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Likert Scales vs. Slider Scales in commercial market research

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The Likert Scale – in its various formats – is widely used, for instance in psychology, social sciences but also in commercial market research. Respondents may be asked about their attitudes, perceptions or evaluations of organisations, services or brands. The use of Likert Scales, however, has come under scrutiny. It is argued that the traditional 5-point rating scales are boring, repetitive and overly long. The proposed alternative is the Slider Scale. The question then is this: are Slider Scales really better than Likert Scales?


After I finished my PhD, I decided it was time to quit Academia and head for pastures new: The Exciting Universe Of Market Research. As a way of integrating myself in this new universe, I started reading various blogs and (quasi) scientific articles on market research and online surveying. As CheckMarket is specialised in online surveys this seemed like a fitting starting point. However, to my initial surprise, it took me only a couple of blogs to reach the conclusion that Likert Scales – the same scales that are practically declared holy in my previous universe; the academic one – have come under some scrutiny. Even to the point that it is seriously questioned whether they should be retained or replaced by so-called ‘Slider Scales’. However, in this post I will come to the defence of Likert Scales – if they actually need me defending them. I will argue that the case of Likert Scale vs. Slider Scale is based on the design and the customer-experience of online surveys, rather than on sound methodological arguments. Without a shadow of a doubt, slider scales have a more inviting design but as it turns out, there are not too many methodological reasons to favour them over ‘boring’ Likert Scales.

What is the Likert Scale?

First things first. What is a Likert Scale? A Likert Scale, named after its developer, the psychologist Rensis Likert, is a scale that is designed to measure underlying attitudes or opinions. This scale usually consists of several items, so-called Likert Items, on which respondents can express their opinions. Say for instance that we are trying to measure the underlying ‘general happiness’ of market researchers, then we would probably ask them several questions regarding their happiness in their private and professional life. These questions such as ‘How happy are you with your current employment?’ or ‘How happy are you with your current family life?’ are the so-called Likert Items. Based on these Likert items, we would then construct the Likert Scale on ‘general happiness of market researchers’.

Usually respondents express their opinions by choosing one of the response alternatives from the response scale. This response scale can take various formats. On the one hand there is a distinction between worded and numerical formats and on the other hand there is the distinction between the most common 5-, 7-, 10- or 11-point format (Dawes, 2008). Consequently, it seems quite logical that the 5-point format is usually worded (e.g. strongly disagree, disagree, neutral, agree, strongly agree) while a 10-point format is most often numerical. After all, the gradation of (dis)agreement on a 10-point rating scale probably becomes too granular to easily express in words [1].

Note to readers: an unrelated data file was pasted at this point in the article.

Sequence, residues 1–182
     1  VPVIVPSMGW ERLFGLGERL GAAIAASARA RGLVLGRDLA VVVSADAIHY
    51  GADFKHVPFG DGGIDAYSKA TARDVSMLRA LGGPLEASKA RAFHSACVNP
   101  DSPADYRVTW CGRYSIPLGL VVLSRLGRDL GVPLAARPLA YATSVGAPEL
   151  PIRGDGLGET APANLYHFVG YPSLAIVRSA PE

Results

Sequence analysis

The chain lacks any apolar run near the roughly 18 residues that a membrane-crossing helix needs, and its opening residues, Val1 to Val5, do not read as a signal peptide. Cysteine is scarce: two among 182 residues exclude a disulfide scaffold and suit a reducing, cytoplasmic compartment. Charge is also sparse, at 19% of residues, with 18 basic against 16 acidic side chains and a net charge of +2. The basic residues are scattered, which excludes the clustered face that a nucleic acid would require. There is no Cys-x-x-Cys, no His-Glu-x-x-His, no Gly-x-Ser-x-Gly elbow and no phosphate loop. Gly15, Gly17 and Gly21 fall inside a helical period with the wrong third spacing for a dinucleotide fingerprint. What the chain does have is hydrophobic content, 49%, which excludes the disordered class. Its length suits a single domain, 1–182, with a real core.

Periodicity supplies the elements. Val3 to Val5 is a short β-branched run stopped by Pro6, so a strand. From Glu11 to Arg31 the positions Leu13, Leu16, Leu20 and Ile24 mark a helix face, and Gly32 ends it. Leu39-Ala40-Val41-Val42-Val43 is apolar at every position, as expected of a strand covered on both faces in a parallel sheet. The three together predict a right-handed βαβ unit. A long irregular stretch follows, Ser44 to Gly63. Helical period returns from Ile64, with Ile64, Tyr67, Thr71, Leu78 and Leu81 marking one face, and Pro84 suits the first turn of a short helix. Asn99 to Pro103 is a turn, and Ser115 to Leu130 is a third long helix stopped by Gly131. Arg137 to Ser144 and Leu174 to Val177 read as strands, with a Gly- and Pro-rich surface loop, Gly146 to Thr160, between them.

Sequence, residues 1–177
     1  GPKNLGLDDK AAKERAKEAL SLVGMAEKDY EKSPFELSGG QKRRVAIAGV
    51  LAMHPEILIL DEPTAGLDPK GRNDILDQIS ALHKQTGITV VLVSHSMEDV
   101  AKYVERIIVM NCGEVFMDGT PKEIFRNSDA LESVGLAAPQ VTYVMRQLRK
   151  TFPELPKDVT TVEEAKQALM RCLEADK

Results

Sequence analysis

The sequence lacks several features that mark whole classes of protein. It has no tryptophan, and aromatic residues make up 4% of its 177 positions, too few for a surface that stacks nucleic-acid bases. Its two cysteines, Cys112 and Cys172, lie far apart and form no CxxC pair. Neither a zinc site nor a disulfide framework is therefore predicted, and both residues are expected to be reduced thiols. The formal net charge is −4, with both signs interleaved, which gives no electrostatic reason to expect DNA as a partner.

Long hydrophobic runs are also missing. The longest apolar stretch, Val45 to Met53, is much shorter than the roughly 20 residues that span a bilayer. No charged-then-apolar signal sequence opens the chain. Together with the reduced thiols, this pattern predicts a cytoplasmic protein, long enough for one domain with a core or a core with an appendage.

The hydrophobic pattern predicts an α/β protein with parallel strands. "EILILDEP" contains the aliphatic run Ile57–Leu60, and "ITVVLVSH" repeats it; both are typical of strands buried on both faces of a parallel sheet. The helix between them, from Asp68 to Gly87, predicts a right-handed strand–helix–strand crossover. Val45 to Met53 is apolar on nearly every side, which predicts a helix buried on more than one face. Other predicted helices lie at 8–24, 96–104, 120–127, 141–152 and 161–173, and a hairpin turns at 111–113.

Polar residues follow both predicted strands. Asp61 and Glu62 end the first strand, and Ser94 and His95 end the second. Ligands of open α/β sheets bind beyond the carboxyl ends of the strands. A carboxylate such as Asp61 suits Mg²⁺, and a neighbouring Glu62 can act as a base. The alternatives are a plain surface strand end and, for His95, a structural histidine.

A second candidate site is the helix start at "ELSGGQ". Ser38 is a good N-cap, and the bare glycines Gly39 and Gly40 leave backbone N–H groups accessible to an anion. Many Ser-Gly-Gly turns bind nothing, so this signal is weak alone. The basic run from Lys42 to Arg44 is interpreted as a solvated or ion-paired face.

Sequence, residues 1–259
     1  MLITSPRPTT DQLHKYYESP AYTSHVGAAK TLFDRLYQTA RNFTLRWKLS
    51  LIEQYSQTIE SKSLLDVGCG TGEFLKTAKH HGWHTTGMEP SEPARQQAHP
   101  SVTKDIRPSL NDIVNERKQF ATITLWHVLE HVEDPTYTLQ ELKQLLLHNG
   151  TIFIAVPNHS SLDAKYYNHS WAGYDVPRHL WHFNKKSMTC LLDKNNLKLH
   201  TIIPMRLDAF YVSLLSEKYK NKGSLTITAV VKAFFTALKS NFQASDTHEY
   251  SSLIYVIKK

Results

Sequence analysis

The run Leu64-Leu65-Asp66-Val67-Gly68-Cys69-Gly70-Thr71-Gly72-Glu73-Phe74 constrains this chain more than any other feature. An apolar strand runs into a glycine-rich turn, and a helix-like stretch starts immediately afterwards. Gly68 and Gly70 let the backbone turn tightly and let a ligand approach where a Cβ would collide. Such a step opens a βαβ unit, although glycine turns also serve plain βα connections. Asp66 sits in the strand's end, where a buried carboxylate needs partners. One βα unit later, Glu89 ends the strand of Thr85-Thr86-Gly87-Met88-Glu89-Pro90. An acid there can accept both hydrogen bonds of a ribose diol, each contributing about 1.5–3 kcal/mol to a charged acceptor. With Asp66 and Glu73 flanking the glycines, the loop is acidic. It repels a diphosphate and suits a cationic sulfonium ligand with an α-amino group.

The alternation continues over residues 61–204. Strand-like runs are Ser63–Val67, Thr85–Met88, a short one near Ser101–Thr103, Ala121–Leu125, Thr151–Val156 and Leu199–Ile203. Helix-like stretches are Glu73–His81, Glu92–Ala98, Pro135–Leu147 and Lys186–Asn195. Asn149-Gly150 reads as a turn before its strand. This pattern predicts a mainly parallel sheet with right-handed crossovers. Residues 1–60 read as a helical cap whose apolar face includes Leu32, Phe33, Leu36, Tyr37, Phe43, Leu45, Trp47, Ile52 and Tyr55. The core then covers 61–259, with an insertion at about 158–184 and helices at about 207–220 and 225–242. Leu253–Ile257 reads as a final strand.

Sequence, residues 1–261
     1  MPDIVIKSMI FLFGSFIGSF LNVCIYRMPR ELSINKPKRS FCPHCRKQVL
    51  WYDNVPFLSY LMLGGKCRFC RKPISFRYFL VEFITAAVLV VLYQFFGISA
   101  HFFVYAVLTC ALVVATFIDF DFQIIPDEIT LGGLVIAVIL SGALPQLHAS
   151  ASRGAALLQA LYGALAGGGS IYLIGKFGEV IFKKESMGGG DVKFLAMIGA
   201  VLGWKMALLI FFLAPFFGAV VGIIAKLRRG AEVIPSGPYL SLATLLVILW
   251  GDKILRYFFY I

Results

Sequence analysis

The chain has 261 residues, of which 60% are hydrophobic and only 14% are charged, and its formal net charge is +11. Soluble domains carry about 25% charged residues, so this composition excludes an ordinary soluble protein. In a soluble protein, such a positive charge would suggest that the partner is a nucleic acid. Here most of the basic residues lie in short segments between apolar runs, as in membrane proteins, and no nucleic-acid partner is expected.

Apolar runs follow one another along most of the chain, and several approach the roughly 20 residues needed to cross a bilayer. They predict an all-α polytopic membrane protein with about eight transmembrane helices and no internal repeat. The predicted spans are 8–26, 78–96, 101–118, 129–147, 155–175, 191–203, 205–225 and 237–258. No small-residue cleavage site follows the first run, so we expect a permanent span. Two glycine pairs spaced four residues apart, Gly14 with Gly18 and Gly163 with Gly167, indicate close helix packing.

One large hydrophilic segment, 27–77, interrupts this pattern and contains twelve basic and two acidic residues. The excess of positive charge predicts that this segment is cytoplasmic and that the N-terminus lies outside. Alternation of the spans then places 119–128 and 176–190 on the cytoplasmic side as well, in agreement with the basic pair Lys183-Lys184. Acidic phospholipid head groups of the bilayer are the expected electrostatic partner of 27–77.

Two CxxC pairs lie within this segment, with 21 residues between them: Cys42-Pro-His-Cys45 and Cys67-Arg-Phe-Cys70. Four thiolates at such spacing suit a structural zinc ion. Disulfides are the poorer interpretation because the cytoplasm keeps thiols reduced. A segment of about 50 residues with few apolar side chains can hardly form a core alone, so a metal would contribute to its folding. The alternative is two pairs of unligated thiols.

likert scale

The Likert Scale – in its various formats – is widely used, for instance in psychology, social sciences but also in commercial market research (Dawes, 2008). In commercial market research respondents may be asked about their attitudes, perceptions or evaluations of amongst others organisations, services or brands. However, these Likert Scales are often used for measuring single-item issues, rather than for measuring an underlying attitude. Recalling our example of the ‘general happiness of market researchers’, this means that we use the Likert Scale for measuring how happy they are with their salary, rather than measuring how happy they are in general. Even though this distinction is hardly ever made, we should be aware of it and the fact that when we are talking about ‘Likert Scales vs. Slider Scales’, we are actually talking about the 5-, 7-, 11-point rating scale of Likert Items rather than Likert Scales. Nevertheless, for the sake of clarity I will consistently use Likert Scale, even if I am technically talking about the X-point rating scale.

Criticism of Likert Scales in market research

Going back to the original purpose for writing this post, it appears that the use of Likert Scales has come under some scrutiny in the commercial market research. While this is not necessarily a bad thing, the various criticisms levelled at the use of traditional Likert Scales ought to be valid. Let us look at the two most common criticisms that I have come across. First of all, it is argued that the traditional 5-point rating scales are quite boring, repetitive and certainly overly long. Furthermore, a large battery of questions using 5-point rating scales might discourage respondents. Second it is equally argued that respondents are forced into expressing an opinion that is not their real opinion because there are too few response alternatives offered. In short, it is argued that the 5-point Likert Scale is too blunt a) to detect differences between items and b) to precisely measure specific opinions as the respondent’s true opinion can lie in between the answer categories. While the first criticism is probably true, especially in commercial market research in which respondents have to be convinced to participate in surveys, there are various reasons to question the validity of the second.

The Slider Scale, a valid alternative?